Farmland Conversion: Perceptions and Realities

Converting farmland into homes and other urban uses is a public issue in every agricultural region experiencing rapid urbanization. In California, the nation’s leading farm state, the issue is complicated by widely varying numbers about the extent of conversion and contrasting opinions about the causes and consequences of farmland loss. How extensive is farmland conversion in California and what are the consequences? Is farmland all-too rapidly disappearing as new homes, shopping centers, and office buildings move out into the countryside, threatening the continued viability of the state’s agriculture? Or are there so many acres devoted to agriculture–especially in the vast Central Valley–that the present pace of urban development can continue for decades without seriously affecting farm production? In this Issues Brief, we examine both the numbers that measure farmland conversions and the related public perceptions about the causes and consequences of conversion–the basis of arguments about the seriousness of the problem and its policy solutions. Our analysis draws from the most reliable sources of information about farmland trends and the economics of agriculture in California.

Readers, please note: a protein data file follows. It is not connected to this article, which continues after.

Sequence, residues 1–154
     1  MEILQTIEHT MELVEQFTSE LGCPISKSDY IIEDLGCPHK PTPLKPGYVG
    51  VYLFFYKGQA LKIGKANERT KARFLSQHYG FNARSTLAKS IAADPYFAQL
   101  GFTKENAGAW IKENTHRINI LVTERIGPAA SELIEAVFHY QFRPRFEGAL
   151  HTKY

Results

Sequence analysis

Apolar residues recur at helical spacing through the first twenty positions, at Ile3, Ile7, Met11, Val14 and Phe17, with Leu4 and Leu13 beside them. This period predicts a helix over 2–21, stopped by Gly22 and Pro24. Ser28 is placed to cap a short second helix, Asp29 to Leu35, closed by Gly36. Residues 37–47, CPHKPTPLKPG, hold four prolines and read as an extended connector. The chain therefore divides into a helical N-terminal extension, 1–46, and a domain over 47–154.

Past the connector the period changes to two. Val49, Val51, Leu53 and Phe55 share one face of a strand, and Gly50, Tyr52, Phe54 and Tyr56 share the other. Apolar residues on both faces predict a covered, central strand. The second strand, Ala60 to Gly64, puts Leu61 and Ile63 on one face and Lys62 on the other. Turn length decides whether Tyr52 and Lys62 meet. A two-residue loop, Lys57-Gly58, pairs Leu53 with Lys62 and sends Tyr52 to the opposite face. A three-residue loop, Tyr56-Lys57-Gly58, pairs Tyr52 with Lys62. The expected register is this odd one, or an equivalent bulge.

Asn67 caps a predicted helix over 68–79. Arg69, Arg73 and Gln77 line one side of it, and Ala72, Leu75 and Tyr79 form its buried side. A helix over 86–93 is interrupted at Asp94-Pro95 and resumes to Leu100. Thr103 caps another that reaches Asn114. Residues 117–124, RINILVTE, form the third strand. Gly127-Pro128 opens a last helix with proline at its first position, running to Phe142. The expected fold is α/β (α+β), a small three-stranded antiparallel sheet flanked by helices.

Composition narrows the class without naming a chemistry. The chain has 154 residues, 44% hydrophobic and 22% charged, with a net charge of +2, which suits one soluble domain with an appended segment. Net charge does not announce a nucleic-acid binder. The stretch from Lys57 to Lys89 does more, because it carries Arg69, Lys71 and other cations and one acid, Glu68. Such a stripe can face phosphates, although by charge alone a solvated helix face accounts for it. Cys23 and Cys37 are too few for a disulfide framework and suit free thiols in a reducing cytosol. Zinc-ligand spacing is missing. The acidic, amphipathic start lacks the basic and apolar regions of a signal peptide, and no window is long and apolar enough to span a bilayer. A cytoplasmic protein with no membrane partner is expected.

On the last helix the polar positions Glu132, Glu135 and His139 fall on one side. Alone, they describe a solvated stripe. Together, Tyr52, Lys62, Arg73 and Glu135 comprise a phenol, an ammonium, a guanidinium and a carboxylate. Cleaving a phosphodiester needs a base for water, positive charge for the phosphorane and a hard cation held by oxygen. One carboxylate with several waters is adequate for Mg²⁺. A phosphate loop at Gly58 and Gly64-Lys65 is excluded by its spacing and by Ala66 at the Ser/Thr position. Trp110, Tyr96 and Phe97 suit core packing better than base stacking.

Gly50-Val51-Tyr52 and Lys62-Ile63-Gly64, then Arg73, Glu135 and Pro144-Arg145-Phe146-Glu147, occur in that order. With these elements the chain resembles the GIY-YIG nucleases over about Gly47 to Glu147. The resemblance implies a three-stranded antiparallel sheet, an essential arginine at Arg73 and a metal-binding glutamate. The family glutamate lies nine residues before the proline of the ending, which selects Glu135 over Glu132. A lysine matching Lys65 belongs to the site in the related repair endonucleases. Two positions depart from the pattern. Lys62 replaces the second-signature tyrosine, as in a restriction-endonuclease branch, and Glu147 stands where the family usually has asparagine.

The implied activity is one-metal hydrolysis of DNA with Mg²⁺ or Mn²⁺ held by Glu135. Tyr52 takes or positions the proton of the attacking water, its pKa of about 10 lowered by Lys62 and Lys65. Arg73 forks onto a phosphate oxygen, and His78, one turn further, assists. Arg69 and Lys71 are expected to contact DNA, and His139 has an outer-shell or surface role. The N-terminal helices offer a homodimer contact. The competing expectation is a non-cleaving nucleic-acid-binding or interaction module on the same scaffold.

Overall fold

Downloadable Documents: 
Nicolai V. Kuminoff, Alvin D. Sokolow and Daniel A. Sumner
Davis, CA: University of California Agricultural Issues Center
Page Numbers: 
Publication Date: 
May 1, 2001
Literature Category: 
Reports and Studies